Do a "list check" - the %files section from the spec file is macro expanded, and checks are made to verify that each file exists.
Build just the source package - skips straight to the assembly stage, without executing any of the preceding stages or creating binary packages.
Build just the source package, but also parse and include dynamic build dependencies - executes up to and including the %generate_buildrequires stage and then skips straight to the assembly stage, without creating binary packages. This command can be used to fully resolve dynamic build dependencies. See the DYNAMIC BUILD DEPENDENCIES section for details.
Check dynamic build dependencies and build the .buildreqs.nosrc.rpm package if any are missing. Don’t build anything else.

The following options may also be used:

When building a package, override the BuildRoot tag with directory DIRECTORY.
Remove the build tree after the packages are made.
Do not execute any build stages. Useful for testing out spec files.
Do not execute %prep build stage even if present in spec.
Do not execute %clean build stage even if present in spec.
Do not execute %check build stage even if present in spec.
Do not generate debuginfo packages.
Do not verify build dependencies.
Remove the sources after the build (may also be used standalone, e.g. "rpmbuild --rmsource foo.spec").
Remove the spec file after the build (may also be used standalone, eg. "rpmbuild --rmspec foo.spec").
Skip straight to specified stage (i.e., skip all stages leading up to the specified stage). Only valid with -bc, -bi, and -bb. Useful for local testing only. Packages built this way will be marked with an unsatisfiable dependency to prevent their accidental use.
Build from locally checked out sources. Sets _builddir to current working directory. Skips handling of -n and untar in the %setup and the deletion of the buildSubdir.
When building the package, interpret PLATFORM as arch-vendor-os and set the macros %_target, %_target_cpu, and %_target_os accordingly.
Enable configure OPTION for build.
Disable configure OPTION for build.

There are two other ways to invoke building with rpm:

rpmbuild --rebuild|--recompile SOURCEPKG ...

When invoked this way, rpmbuild installs the named source package, and does a prep, compile and install. In addition, --rebuild builds a new binary package. When the build has completed, the build directory is removed (as in --clean) and the the sources and spec file for the package are removed.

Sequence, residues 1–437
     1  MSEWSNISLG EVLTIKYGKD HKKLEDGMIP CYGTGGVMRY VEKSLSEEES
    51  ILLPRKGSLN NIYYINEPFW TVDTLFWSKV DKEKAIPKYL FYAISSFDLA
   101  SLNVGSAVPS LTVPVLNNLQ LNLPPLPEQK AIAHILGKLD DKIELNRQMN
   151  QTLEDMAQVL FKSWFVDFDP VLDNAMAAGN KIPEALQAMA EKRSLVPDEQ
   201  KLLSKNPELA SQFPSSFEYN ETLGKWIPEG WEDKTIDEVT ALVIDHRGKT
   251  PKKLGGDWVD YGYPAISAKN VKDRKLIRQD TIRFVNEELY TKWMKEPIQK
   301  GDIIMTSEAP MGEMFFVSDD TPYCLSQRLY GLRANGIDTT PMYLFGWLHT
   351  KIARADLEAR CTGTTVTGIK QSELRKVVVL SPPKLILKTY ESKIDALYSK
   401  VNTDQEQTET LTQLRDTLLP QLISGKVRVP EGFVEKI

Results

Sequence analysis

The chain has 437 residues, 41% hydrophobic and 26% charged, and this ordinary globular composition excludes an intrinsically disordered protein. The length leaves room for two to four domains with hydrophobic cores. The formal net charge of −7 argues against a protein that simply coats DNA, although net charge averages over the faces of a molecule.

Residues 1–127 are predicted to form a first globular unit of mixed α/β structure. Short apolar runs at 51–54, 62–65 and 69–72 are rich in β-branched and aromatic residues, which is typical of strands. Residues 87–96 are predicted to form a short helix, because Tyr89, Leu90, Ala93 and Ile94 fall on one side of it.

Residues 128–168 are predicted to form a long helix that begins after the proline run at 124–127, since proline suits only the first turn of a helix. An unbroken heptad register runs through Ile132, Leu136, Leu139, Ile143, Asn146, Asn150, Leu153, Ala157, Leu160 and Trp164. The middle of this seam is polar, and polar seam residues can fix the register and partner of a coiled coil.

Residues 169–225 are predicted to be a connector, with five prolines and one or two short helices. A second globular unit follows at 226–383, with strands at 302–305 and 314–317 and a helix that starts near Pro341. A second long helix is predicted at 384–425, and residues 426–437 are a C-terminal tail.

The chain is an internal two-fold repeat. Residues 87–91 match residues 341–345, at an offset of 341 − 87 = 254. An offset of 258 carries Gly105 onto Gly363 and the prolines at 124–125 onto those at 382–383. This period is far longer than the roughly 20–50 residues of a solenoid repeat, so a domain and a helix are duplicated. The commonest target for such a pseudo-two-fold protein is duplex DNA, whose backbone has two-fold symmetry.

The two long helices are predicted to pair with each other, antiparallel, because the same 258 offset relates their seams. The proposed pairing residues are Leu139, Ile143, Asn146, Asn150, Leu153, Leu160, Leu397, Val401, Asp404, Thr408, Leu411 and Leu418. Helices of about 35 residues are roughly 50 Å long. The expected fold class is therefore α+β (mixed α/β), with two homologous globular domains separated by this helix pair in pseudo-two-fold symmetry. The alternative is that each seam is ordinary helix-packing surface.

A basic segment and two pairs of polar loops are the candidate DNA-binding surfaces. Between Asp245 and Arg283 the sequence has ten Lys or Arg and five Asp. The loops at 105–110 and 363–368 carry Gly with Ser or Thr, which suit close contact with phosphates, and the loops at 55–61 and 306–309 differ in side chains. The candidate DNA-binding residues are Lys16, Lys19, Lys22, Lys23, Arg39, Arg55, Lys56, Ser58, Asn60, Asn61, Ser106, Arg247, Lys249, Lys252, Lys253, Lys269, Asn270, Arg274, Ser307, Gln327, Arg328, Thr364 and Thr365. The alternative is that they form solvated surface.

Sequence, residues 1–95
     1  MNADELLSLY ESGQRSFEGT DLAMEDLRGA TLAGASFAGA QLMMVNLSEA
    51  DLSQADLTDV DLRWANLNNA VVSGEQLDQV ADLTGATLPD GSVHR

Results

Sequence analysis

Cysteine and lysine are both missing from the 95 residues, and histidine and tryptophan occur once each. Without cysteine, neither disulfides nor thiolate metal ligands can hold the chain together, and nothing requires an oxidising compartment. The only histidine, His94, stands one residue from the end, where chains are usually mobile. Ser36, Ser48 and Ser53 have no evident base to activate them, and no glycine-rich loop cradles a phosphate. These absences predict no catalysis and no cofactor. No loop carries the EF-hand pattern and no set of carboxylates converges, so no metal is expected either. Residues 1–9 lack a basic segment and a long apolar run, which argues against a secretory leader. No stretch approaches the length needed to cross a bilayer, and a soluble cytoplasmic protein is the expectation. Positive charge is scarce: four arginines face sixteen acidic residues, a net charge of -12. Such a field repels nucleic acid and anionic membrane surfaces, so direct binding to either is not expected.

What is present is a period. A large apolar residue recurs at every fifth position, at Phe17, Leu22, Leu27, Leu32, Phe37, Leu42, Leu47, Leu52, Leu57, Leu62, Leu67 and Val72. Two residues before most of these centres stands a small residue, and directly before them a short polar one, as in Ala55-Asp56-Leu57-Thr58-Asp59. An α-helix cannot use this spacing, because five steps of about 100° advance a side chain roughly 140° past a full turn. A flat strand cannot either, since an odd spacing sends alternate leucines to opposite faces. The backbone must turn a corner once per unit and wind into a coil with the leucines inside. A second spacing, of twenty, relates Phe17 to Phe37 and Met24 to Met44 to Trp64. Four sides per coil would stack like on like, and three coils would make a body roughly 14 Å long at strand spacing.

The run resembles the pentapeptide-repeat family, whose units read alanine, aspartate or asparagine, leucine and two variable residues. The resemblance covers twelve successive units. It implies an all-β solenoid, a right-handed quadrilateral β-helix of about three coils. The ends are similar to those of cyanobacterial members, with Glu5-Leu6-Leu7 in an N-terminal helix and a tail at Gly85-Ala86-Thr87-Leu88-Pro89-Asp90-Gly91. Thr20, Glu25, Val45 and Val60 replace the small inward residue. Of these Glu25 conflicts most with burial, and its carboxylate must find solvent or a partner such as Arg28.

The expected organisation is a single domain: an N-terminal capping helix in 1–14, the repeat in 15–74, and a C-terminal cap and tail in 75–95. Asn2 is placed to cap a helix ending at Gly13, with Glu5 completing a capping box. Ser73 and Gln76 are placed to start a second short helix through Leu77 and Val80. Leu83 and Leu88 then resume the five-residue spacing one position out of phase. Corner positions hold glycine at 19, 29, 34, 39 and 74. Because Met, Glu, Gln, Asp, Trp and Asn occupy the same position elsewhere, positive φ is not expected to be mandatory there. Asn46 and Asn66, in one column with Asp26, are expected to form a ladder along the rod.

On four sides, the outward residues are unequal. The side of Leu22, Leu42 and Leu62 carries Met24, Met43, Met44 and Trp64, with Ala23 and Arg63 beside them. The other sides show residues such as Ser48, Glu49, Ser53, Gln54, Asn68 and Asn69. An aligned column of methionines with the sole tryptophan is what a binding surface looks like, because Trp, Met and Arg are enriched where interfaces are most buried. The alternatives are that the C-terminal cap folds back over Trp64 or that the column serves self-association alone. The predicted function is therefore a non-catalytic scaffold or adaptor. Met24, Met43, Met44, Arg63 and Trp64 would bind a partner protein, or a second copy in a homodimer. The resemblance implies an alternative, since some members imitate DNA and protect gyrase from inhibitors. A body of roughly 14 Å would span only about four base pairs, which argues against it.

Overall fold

These options are now superseded by the -r* options which allow much more fine control over what stages of the build to run.

When the %generate_buildrequires stage runs and some of the newly generated BuildRequires are not satisfied, rpmbuild creates an intermediate source package ending in buildreqs.nosrc.rpm, which has the new BuildRequires, and exits with code 11. This package can then be used in place of the original source package to resolve and install the missing build dependencies in the usual way, such as with dnf-builddep(8).

Multiple layers of dynamic build dependencies may exist in a spec file; the presence of specific BuildRequires on the system may yield new BuildRequires next time a build is performed with the same source package. The easiest way to ensure that all dynamic build dependencies are satisfied is to run the -br command, install the new dependencies of the buildreqs.nosrc.rpm package and repeat the whole procedure until rpmbuild no longer exits with code 11.

If the -br command is coupled with --nodeps, exit code 11 is always returned and a buildreqs.nosrc.rpm package is always created.

The command

rpmbuild --showrc

shows the values rpmbuild will use for all of the options are currently set in rpmrc and macros configuration file(s).




gendiff(1), popt(3), rpm(8), rpm2cpio(8), rpmkeys(8), rpmspec(8), rpmsign(8)

rpmbuild --help - as rpm supports customizing the options via popt aliases it's impossible to guarantee that what's described in the manual matches what's available.

http://www.rpm.org/ <URL:http://www.rpm.org/>

Marc Ewing <marc@redhat.com>
Jeff Johnson <jbj@redhat.com>
Erik Troan <ewt@redhat.com>
09 June 2002